What the Archbishop of Canterbury and the Secretary General should really be doing

The old, patriarchal paradigm of power, authority and control continues to exert its influence over some leaders of the Anglican Communion as they respond to the presence of LGBT people and the campaign waged by the self-proclaimed majority against our full inclusion.

In his Pentecost letter the Archbishop of Canterbury proposes that members of provinces that are in breach of the three moratoria requested by the Instruments of the Communion should no longer participate in the formal ecumenical dialogues in which the Anglican Communion is engaged. The Secretary General of the Anglican Communion, Canon Kenneth Kearon, has written selectively to the Episcopal Church, the Anglican Church of Canada and to Greg Venables of the Southern Cone.

The Rt Rev Martyn Minns is among those who might have been expected to be sent a letter but hasn’t. He told the Living Church that the primates, “never agreed that there’s a moral equivalence between what they see as an attempt to change the Anglican Communion’s teaching and a provision for temporary pastoral care.”

Moral inequality is the name of the game for the Archbishop of Canterbury and the Secretary General. They have been selective in their exclusions. They demonstrate their inability to respond with Christian love, courage, wisdom and compassion to the campaign being fought by adherents of the old paradigm who want to marginalise at best and dehumanise at worst LGBT people.

What should the Archbishop and Secretary General be doing?
They should witness to the violence perpetrated against LGBT people. The anti-homosexuality Bills in Nigeria and Uganda are actively supported by Christians. Millions of LGBT Africans live in fear, intimidated by extreme rhetoric, vilified and attacked. In England, gay men continue to be murdered in homophobic attacks.

What should they be doing?
They should be opposing Anglican leaders and forces in the Communion which claim to respect LGBT people whilst advocating actions and doctrines which diminish us and reinforce prejudice and hatred against us. They should denounce every homophobic statement made by Anglican Primates, bishops, leaders and teachers, at the risk of being accused of colonialism.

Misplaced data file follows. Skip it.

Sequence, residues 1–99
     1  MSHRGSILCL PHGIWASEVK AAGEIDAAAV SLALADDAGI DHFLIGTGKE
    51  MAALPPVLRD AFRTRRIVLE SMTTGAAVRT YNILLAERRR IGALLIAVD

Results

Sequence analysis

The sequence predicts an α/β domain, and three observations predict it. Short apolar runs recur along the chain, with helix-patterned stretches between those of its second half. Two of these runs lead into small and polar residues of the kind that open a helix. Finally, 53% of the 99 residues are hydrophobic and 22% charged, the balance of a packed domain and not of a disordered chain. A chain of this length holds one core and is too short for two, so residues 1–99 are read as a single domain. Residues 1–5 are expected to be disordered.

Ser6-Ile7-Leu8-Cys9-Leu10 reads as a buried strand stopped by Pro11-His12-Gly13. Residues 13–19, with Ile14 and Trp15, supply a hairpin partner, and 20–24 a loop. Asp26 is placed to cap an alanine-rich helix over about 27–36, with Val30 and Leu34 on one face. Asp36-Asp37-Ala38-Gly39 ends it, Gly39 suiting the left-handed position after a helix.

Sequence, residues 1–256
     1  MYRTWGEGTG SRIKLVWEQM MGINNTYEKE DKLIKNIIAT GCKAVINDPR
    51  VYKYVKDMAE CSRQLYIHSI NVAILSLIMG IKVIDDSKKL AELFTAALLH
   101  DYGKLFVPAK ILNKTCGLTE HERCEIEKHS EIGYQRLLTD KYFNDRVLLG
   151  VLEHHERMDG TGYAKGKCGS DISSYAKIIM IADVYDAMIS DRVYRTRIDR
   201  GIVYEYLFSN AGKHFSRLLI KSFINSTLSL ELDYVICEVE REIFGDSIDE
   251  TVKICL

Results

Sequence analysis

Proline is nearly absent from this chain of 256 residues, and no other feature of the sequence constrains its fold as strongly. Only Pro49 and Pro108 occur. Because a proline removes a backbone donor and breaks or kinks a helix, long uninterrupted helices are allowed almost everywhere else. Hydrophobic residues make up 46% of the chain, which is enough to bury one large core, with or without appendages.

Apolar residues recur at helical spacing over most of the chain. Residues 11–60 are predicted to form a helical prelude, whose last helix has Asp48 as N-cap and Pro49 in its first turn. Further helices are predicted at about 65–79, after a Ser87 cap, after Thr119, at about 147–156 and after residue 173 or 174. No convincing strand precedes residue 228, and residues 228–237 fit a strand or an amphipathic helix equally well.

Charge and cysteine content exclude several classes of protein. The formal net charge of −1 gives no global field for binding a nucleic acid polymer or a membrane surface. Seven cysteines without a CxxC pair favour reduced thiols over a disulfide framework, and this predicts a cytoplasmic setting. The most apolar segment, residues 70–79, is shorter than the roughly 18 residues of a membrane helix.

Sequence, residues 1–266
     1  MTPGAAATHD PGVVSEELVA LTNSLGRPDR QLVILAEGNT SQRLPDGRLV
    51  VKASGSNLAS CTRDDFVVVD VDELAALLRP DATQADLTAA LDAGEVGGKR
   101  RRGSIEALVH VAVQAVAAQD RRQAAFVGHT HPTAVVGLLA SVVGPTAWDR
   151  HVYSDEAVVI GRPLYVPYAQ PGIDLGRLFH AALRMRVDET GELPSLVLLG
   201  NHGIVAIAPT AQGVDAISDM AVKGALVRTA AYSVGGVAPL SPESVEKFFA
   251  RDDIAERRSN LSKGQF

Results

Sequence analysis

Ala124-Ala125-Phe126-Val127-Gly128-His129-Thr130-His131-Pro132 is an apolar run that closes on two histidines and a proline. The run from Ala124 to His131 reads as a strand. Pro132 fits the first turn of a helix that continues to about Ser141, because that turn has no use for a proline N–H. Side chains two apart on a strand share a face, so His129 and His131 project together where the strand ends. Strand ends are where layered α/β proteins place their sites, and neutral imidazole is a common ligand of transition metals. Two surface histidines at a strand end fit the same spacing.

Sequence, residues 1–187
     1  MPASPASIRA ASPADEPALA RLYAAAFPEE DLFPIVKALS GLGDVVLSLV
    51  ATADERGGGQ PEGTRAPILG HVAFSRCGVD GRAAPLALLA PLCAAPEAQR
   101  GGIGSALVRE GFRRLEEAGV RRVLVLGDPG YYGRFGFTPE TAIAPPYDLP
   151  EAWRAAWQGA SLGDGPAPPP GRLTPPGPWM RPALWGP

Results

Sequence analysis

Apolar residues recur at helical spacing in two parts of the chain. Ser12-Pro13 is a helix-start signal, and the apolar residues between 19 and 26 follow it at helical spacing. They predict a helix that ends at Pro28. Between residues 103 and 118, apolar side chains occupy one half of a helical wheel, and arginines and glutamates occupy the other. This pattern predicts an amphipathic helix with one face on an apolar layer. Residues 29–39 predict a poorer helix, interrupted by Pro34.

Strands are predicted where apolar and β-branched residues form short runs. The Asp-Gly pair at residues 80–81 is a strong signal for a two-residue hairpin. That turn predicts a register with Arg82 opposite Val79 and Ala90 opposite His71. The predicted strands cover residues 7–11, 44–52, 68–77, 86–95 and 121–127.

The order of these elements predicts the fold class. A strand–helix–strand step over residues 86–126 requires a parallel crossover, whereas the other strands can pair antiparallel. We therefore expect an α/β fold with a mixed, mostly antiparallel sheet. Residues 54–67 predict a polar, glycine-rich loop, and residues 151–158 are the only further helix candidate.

What should they be doing?
They should be seeking to change the mind of the Communion expressed in the clauses of Lambeth 1.10 which fail to grant full respect, dignity and equality to LGBT people, to our loving, faithful relationships and our welcome to every level of ministry in the church.

What should they be doing?
They should be faithful to their own Christian integrity, challenging the use of passages from the Bible to maintain prejudice against LGBT people. The Archbishop and the Secretary General are at heart “revisionists” (the pejorative term used to demean pro-LGBT campaigners). They should revise all church teaching which scapegoats LGBT people and corrupts the gospel which teaches the goodness and glory of humanity as sexual beings created in love by God.

What should they be doing?
They should respect The Episcopal Church and the Anglican Church of Canada in their commitment to model justice and love for all people who follow the teachings of Jesus Christ. They should come out of their closets and state openly that the Church of England ordains, often knowingly, partnered LGBT people. Many bishops actively encourage clergy to contract a Civil Partnership and by implication, support the blessing of lesbian and gay relationships.

What should they be doing?
They should be supporting the eradication of homophobia and prejudice against LGBT people in the Anglican Communion instead of supporting punitive sanctions and colluding with those who advocate prejudice. If this is to be the effect of the Anglican Covenant, then the Covenant will be a further instrument of prejudice and intolerance and Changing Attitude says NO to the Covenant.

This morning I’m driving to Swanwick to take part in the 2010 USPG conference ‘Witnessing to Christ Today”. The principal speakers are the Most Revd Katherine Jefferts Schori, Presiding Bishop of the Episcopal Church and the Most Revd Thabo Makgoba, Archbishop of Cape Town. I expect to hear two people who speak truthfully from their own hearts and proclaim a gospel of justice and love in the name of Jesus Christ, a gospel which fully includes, respects and protects lesbian, gay, bisexual and transgender people.

Colin Coward
Director of Changing Attitude England

Comments

  1. Kurt says

    Right on, Colin! In my opinion TEC should stop all funding to Anglican Communion bodies which exclude us. These monies should then be used for more urgent matters–such as establishing a fund for lesbians and gays who are persecuted in Global South countries.

    Kurt Hill
    Brooklyn, NY

  2. Helen Lewis says

    Rowan Williams should also stop pretending that his attitudes represent the Anglican church. He's done nothing whatsoever to gauge the feeling of ordinary Anglicans-just assumed that the prejudices of some heterosexual males are shared by the rest of us. They aren't. The mind of the Communion-if one can talk of such a thing- is split and various, and many of us feel more in communion with KJS than with him.

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